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Re: Is it G92 or G92b?

Discussion in 'Nvidia' started by Augustus, Apr 25, 2009.

  1. Augustus

    Augustus Guest

    <> wrote in message
    news:...
    >
    > On this webpage, both the 9800 GTX + and GTS 250 are described as
    > G92b, 55nm technology: http://www.pcper.com/article.php?aid=674
    >
    >
    > However on the next page of the review, GPU-Z displays G92, 65nm:
    >
    > http://www.pcper.com/article.php?aid=674&type=expert
    >
    >
    > So what gives here? { shrug } are they 65 or 55 line width?
    >
    >
    > -ed
    >


    GPU-Z is not 100% accurate identifying specs of newer gen cards, especially
    when they are a reworked nVidia reference board with a virtually identical
    family GPU's. A G92b is a G92 family GPU. It's identical architecture on a
    17% smaller wafer . The ID string in the card's BIOS is very likely being
    read by GPU-Z as a G92 and GPU-Z simply reports this as being 65nm. The
    version of GPU-Z used in that Palit review is 3.2.......a couple of months
    old. 3.3 is now out. It may have been updated to report the GTS 250 and
    9800GTX+ as 55nm fab and G92b. GTS 250 cards are 55nm fab, period.
    FWIW the earlier versions of GPU-Z reports my eVGA Core 216 GTX 260 SSC as
    65nm. Version 3.2 and above see it as 55nm.

    http://www.ninjalane.com/reviews/video/palit_gts250
     
    Augustus, Apr 25, 2009
    #1
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  2. Augustus

    Augustus Guest

    > Ok got it. How about looking over the following spreadsheet for correct
    > GPU and fab data: http://home.comcast.net/~flightsim/nVidia_boards.xls
    >
    >
    > -ed
    >


    The spreadsheet is correct. There were and may still be some GTX 260 Core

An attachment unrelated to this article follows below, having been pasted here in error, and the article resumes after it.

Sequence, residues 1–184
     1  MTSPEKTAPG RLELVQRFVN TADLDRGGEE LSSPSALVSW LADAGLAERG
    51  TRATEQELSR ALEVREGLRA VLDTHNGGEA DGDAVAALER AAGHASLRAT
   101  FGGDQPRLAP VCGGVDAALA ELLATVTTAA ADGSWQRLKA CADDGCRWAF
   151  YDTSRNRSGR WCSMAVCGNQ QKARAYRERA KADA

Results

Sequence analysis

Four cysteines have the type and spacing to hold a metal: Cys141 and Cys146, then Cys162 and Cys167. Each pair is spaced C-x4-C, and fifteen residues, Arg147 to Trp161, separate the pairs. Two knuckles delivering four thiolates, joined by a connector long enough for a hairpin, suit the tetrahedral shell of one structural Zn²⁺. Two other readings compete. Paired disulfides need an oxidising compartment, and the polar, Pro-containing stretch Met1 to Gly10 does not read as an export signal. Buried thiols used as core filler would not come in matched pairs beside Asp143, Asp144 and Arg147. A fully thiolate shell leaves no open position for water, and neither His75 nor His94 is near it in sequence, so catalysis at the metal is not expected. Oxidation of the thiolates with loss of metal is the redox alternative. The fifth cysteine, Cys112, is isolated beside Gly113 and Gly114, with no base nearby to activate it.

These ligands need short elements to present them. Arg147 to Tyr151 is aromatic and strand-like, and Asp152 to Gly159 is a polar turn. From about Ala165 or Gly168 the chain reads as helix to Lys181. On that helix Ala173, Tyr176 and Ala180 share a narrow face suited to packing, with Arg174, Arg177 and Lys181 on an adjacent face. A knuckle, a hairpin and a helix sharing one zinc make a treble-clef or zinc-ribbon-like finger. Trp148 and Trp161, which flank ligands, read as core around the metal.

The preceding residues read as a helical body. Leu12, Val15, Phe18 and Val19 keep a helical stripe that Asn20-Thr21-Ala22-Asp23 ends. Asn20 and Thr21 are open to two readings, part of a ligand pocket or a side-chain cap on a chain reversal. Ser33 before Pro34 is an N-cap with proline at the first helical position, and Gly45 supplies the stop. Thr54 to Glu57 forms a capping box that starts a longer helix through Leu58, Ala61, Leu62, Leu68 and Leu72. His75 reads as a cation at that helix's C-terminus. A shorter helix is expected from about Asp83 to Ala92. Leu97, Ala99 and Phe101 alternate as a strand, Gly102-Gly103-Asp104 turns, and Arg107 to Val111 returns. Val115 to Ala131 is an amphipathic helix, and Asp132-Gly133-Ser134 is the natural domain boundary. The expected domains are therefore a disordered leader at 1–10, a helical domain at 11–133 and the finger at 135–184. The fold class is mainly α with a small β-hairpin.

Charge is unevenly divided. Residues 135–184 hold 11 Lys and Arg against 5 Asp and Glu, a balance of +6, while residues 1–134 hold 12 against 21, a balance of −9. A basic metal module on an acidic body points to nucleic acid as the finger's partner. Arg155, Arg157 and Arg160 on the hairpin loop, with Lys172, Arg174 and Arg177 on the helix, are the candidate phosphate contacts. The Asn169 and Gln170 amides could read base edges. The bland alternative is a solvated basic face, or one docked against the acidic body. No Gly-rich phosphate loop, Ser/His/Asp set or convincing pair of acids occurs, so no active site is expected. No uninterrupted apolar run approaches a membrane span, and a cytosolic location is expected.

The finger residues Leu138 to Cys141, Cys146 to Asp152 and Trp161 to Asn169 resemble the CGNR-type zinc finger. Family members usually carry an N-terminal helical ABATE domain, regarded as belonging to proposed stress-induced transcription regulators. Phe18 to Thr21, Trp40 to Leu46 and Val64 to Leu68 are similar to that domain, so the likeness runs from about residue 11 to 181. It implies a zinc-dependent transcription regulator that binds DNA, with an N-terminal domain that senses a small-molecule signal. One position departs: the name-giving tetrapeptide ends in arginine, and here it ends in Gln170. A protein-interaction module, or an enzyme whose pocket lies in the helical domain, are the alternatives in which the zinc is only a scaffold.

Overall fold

216 cards that are 65nm fab. There are other differences as well. This
    article sums it up fairly concisely.
    http://www.pcgameshardware.com/aid,...o-distinguish-65-and-55-nm-versions/Practice/
    I would think that almost all by now would be 55nm. All the current eVGA GTX
    260line is 55nm. To avoid getting one that is 65nm, I would recommend you
    purchase from a bricks and mortar store or e-tailer that moves high volume.
     
    Augustus, Apr 26, 2009
    #2
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  3. Augustus

    Augustus Guest

    <> wrote in message
    news:...
    > On Sun, 26 Apr 2009 03:26:32 GMT, "Augustus" <>
    > brought the following to our attention:
    >
    >>> Ok got it. How about looking over the following spreadsheet for correct
    >>> GPU and fab data: http://home.comcast.net/~flightsim/nVidia_boards.xls
    >>>
    >>>
    >>> -ed
    >>>

    >>
    >>The spreadsheet is correct. There were and may still be some GTX 260 Core
    >>216 cards that are 65nm fab. There are other differences as well. This
    >>article sums it up fairly concisely.
    >>http://www.pcgameshardware.com/aid,...o-distinguish-65-and-55-nm-versions/Practice/
    >>I would think that almost all by now would be 55nm. All the current eVGA
    >>GTX
    >>260line is 55nm. To avoid getting one that is 65nm, I would recommend you
    >>purchase from a bricks and mortar store or e-tailer that moves high
    >>volume.
    >>

    >
    > Was reading through the posted articles, and it seems the GTX 260 with
    > 896 MB of memory is actually a 1 GB board, where one of the 128 MB
    > `clusters´ was bad due to production yield. So the mfg disables that
    > cluster and sells the product as such?
    >
    > -ed


    No. This is not the case. The 55nm GTX 260 boards are manufactured with
    896Mb on a different PCB with only 14 BGA sockets . Look at the photos in
    the link. 14x64Mb DDR3 = 896Mb .The 65nm boards share the same PCB with the
    GTX 280 but have 7 x 128Mb DDR3 for 896Mb. If you look at the photo of the
    65nm fab GTX 260, you'll see that the 8th BGA socket is left unfilled. It's
    a case of using the same PCB and a modified GT200 GPU for the older 65nm 260
    GTX units.
     
    Augustus, Apr 26, 2009
    #3
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